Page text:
PAJANIMALS: MEET THE PAJANIMALS

PrintE-mail Written by Ian White

DVD REVIEW: PAJANIMALS: MEET THE PAJANIMALS / CERT: U / DIRECTOR: VARIOUS / SCREENPLAY: VARIOUS / STARRING: VICTOR YERRID, ALICE DINNEAN, JOHN KENNEDY, DONNA KIMBALL / RELEASE DATE: OUT NOW

The Pajanimals are four colourful little characters; a lispy duck called Squacky; Apollo, a rocketship-obsessed green and purple dog; a buck-toothed horse called Sweetpea Sue; and CowBella who loves unicorns and princesses and is – you guessed it – a cow. As the catchy lullaby informs us at the start of each twelve-minute episode, the Pajanimals are ready for us and ready for sleepy time too, although sleepy time is when their adventures begin so obviously the Pajanimals have a hidden agenda to turn us all into insomniacs.

Meet the Pajanimals is a collection of ten episodes gathered from the show’s first two seasons. In each show the Pajanimals have a problem; Sweetpea Sue is afraid of octopi so the other Pajanimals take her under the sea to meet a friendly octopus; Squacky worries he’s different from the rest of the gang so his friends take him to a turtle called Granny Pearl for some reassurance; when the Pajanimals are sad because their Mom and Dad have to go to work, they travel to the land of Build-It where busy beavers Hank and Frank tell them why work is so important; and when CowBella refuses to have a bath, the other Pajanimals ask Ellie Octopus for advice... it’s the usual ‘wash, rinse and repeat’ format that small children love and Jim Henson Studios are so wonderful at, with lots of singing and dancing in every episode and something to be learned by the end of every story. The pre-schoolers will love every minute of it but (and I never thought I’d write this about a Henson production) the parents who have to watch it with them might not be so thrilled.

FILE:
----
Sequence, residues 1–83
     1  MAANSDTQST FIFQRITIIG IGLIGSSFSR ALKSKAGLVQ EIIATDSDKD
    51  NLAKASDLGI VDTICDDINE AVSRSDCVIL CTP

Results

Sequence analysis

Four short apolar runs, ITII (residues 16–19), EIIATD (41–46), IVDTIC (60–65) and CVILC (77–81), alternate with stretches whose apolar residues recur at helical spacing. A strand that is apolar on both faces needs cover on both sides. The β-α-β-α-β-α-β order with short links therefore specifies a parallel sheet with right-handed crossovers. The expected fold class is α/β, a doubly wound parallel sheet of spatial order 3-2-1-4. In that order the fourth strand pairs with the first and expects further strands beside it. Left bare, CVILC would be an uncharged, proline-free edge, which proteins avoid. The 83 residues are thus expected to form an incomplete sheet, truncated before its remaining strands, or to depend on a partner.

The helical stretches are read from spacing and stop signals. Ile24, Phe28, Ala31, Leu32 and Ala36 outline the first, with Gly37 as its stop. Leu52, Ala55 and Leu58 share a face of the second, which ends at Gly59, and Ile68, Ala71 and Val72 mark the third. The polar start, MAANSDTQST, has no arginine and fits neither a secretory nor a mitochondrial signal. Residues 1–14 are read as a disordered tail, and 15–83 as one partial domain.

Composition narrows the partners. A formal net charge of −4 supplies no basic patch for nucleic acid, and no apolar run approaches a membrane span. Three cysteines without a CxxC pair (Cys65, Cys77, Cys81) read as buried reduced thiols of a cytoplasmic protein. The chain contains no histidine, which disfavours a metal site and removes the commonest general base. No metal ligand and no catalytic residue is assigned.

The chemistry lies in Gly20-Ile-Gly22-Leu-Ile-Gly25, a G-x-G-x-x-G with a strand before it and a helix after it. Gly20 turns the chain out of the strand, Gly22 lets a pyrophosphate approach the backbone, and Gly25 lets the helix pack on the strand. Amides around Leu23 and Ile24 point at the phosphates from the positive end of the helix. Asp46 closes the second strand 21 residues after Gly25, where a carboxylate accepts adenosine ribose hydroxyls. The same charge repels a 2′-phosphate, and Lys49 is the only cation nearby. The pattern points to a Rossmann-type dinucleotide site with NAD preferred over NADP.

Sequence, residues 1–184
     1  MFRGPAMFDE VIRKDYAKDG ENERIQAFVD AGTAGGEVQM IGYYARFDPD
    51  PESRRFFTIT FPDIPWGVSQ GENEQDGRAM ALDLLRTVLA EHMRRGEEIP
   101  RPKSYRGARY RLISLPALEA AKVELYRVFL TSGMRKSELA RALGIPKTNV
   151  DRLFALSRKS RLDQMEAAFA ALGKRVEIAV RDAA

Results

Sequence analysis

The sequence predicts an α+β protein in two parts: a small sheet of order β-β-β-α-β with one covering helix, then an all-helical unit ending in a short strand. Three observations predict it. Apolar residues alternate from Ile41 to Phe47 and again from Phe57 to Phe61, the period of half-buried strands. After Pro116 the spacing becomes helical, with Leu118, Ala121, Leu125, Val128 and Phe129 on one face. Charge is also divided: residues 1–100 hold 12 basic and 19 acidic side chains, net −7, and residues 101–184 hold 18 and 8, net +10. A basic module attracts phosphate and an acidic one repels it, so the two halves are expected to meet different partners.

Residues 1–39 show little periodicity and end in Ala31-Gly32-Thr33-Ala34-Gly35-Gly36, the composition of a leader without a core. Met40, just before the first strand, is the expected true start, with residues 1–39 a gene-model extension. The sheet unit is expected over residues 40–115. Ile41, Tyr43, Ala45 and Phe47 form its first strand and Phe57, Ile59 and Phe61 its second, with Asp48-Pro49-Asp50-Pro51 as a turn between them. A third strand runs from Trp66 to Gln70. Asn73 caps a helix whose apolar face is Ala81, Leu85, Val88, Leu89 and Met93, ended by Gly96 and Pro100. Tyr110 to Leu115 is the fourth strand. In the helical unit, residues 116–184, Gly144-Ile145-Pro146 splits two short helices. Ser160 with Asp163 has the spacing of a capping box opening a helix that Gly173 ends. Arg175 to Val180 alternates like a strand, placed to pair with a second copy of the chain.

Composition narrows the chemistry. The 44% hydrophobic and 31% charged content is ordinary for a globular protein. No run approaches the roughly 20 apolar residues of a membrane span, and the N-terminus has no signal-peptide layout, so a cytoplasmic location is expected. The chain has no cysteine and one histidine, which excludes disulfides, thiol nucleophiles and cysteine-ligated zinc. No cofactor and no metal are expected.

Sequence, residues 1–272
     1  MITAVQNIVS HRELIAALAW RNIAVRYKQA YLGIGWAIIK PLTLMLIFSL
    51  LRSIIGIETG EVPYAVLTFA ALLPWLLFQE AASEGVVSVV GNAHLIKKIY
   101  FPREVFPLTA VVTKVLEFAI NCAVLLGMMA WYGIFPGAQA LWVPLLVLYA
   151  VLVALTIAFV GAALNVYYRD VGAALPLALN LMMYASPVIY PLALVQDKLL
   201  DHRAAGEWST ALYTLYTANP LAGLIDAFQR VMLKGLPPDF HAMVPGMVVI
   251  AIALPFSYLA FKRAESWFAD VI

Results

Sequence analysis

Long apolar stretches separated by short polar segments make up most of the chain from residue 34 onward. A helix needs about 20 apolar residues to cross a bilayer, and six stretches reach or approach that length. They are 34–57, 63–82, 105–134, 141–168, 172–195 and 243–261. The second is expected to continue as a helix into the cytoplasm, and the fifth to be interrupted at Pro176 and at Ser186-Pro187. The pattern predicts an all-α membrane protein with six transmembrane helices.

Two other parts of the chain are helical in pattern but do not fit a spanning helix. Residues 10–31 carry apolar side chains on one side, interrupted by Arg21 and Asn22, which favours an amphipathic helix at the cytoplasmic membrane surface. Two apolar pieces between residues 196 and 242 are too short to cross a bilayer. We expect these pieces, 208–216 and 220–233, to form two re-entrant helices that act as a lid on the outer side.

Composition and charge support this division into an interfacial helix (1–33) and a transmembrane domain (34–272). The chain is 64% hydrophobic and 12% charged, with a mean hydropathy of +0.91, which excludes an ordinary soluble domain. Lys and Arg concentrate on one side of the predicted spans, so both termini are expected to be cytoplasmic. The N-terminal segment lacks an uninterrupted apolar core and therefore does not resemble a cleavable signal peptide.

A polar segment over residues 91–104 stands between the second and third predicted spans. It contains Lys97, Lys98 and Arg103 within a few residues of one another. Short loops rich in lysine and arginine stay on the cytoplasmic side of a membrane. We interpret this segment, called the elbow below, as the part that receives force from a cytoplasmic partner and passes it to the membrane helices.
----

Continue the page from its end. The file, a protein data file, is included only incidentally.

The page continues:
Hensons are excellent at creating shows that, on some level, can keep both small people and big people entertained (Exhibit A: The Hoobs, Exhibit B: The Doozers, Exhibit C: Bear in the… you get the gist, the list goes on forever) and, unlike 99% of other young children’s shows, repeated exposure to a Henson project will hardly ever make a grown-up want to take hostages, but (and I know I’m inviting the End of Civilisation As We Know It ™ by writing this) The Pajanimals is too cutesy to be tolerated by anyone over the age of three or four – and I’d bet most four year olds would toddle screaming from the room after the first twenty minutes. Maybe the whiney voice-acting is at fault, maybe it’s the far-too goody-goodyness of the Pajanimals and their saccharine bath time antics, or maybe it’s because Sweetpea Sue the horse looks alarmingly like a hippo, but Pajanimals is that rarest of species… a Jim Henson misfire.

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